Tuesday, March 27, 2012

Teen Roundtable: Rules, Kony, & Mary-Sues, oh my!

We have a monthly roundtable with our teen spies, and as you can tell my the title of this post, this month we covered teen rules, the Kony2012 campaign, and Mary Sues! 

Teen Rules: Curfews, do you have one? What other rules do you follow? 

Gracie: I don't have a curfew, but I'm also pretty good at getting to bed on time (ish)...
Erica: I never had a curfew.
Scotie: i don't have a curfew, course i don't drive so...
Karen: so jealous of you gals. I always had a curfew.
sara: Wow, my parents gave me a curfew SO fast when I was younger
sara: Do your friends have curfews?
Karen: so, for those who do go out, what time do you stay out until?
Alexandra: i didn't. it was always 'call me later, we'll discuss what time you should come home then'
Gracie: I have no idea if my friends have curfews...
Gracie: Alexandra - that's pretty much what it's like for me too :)
Alexandra: :) that's better, i think, because then you're not likely to lie about sleeping over at a friend's house to get out of curfew
Alexandra: (i had friends who did that)
Erica: Some of my friends have curfews.
sara: Erica, do you know what times they have to be home?
Scotie: i don’t think any of my friends have curfews
Erica: Well the one friend I'm thinking of her parents set a different curfew depending on who she is with.
sara: Oh, my parents used to do that too
Erica: But I want to say 11 for most. I think at least.
Karen: So do you go out, and if so, would you ever come home super late?
sara: And depending on what I was doing
Gracie: On school nights I'm usually not out late... on weekends I'm usually home by 12ish at the latest...
Erica: Ya. I sometimes come home like 2-3 when I'm out with my friends. And also I get home really late from some book events.
Erica: I go to like every signing I can get to down at Andersons in Chicago
Gracie: Wow... I don't think I've ever been to a book event
Katie: Curfews fun... I have a curfew of 11:30 but if it's a party or dance I have to be walking in the door at midnight. I think my friends have similar curfews
sara: Okay so what other rules do you guys follow? If any?
Gracie: Um well my parents aren't really strict with rules or anything... like set curfews or anything, they're pretty flexible which is cool :)
Katie: As long as my parents know where I am what I'm doing and who I'm with their flexible as well as being home by 11:30
Erica: I had rules when I was younger, but in the last few years I haven't really had many rules.
Karen: Erica, at what age did the rules let up?
Erica: I don't honestly remember but probably about when I started high school?
sara: Man I had SO many rules in high school
Karen: wow. I'm so jealous. That's when mine got more strict. lol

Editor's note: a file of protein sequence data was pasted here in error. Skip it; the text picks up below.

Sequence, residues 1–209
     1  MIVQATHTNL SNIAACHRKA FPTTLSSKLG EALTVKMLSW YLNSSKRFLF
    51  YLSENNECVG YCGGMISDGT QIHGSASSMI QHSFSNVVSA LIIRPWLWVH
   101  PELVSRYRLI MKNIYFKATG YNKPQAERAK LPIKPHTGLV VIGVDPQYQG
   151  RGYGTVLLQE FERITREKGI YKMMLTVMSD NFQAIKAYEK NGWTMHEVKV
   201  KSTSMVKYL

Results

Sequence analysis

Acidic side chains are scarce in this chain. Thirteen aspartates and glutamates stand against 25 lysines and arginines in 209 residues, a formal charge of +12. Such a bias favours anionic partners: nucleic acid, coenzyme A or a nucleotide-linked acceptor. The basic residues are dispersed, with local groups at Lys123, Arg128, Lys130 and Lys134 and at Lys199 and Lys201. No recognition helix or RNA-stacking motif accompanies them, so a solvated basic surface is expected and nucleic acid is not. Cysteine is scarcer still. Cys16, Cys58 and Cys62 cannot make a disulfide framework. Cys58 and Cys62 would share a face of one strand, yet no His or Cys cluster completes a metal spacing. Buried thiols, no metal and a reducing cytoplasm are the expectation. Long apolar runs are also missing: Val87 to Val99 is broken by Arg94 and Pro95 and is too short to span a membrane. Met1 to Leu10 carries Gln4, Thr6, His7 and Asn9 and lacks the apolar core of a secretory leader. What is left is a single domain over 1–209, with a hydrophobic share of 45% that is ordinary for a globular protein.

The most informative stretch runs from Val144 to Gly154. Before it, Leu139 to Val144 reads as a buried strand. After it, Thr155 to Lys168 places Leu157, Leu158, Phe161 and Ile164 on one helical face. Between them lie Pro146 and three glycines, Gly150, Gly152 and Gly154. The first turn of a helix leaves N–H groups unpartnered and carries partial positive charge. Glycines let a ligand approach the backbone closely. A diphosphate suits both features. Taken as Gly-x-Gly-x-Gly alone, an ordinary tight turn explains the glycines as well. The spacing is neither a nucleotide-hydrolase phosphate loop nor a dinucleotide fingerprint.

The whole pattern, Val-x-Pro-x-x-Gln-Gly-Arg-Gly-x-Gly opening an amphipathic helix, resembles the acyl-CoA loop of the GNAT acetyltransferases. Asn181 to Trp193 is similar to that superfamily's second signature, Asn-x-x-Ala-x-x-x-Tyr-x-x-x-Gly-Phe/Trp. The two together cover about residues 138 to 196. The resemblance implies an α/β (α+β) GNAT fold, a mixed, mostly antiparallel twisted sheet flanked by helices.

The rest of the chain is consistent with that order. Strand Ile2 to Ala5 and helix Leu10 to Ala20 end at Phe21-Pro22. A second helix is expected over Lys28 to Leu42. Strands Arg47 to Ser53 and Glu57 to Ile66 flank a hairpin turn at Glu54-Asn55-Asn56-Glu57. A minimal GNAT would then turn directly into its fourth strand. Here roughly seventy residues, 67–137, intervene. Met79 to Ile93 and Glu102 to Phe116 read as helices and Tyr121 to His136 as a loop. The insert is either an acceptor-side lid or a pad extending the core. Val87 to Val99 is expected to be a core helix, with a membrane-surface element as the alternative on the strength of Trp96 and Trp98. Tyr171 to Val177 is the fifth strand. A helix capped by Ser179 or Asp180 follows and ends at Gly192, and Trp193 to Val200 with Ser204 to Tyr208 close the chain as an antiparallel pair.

Katie: Wow, I'm in the same boat as Sara my parents are stricter then ever
Copil: Do there seem to be different rules for guys vs girls?
Katie: Copil, No in my family we have set rules for both sons and daughters.
Erica: The only really "rule" I had was that if I got home later than like 11-12 on a school night I could tell my parents were disappointed. But it was my fault for showing up that late, and had to deal with it the next morning
Gracie: Yeah my parents will get upset if I don't let them know where I am for long periods of time
Karen: Erica, what do you mean by deal with it?
Erica: Like just be super tired all day
Katie: I think some people might see it as being harder of one kid then the other because of the action either kid does. If one is behaving and obeying more than the other that kid will have more freedom. If the other kid is misbehaving they will get more rules and a smaller leash
Erica: I generally didn't go out of school nights over all though - I was too busy going from one club or rehearsal to the next. Then when I finally got home, I was reading and trying to catch up on blogging.
Katie: Erica- Agreed I'm involved with so much right now I don't have time to get in trouble or stay out late.
Erica: I'm the same way Katie.

What are your thoughts on Kony?

Katie: Okay first you have to inform me what is Kony?
Copil: Kony2012 was the viral vid about the Ugandan warlord who uses kids as his soldiers.
Katie: Oh yeah I heard about that.
Erica: I don't know much about Kony - but that has to do with Invisible Children right? That's been an organization I've been interested in working with for years, and last year I did a workshop at DCON on that and several other organizations.
Scotie: Kony is a man in africa that is kidnapping kids and turning them into either child soldiers or sex slaves depending on their gender
Copil: Interesting, Erica! What did you think of the backlash on Invisible Children?
Erica: I haven't heard of the backlash? I don't really follow news or anything...
Erica: And oh duh. Kony is his name. I was thinking at first it was acronym for something, I didn't put 2 and 2 together until right now.
Katie: I think that is so sad. Those kids don't really have a choice, that's the society they were born into. They can get out but it's nearly impossible. Should the U.S. step in and try to stop him? Is this our responisblity? Is it that countries? I don't know but it's a good debate topic.
Copil: I agree, Katie. I actually have my issues with IC but I have to hand it to them for making Kony famous.
Katie: I don't normally follow social movements
Gracie: I think it's funny how this is such a big deal now all of a sudden though - stuff like that has been happening all over the world for a long time, and now suddenly everyone's hyped up about it
sara: Am I completely wrong, or did I read that Kony actually hasn't been in Uganda for like 6 years now?
sara: Gracie, true--I think it shows what social media is capable of now that it wasn't a few years ago
Erica: That is kind of funny. I remember first reading about the whole situation in Uganda in the 6th grade. And now it’s huge.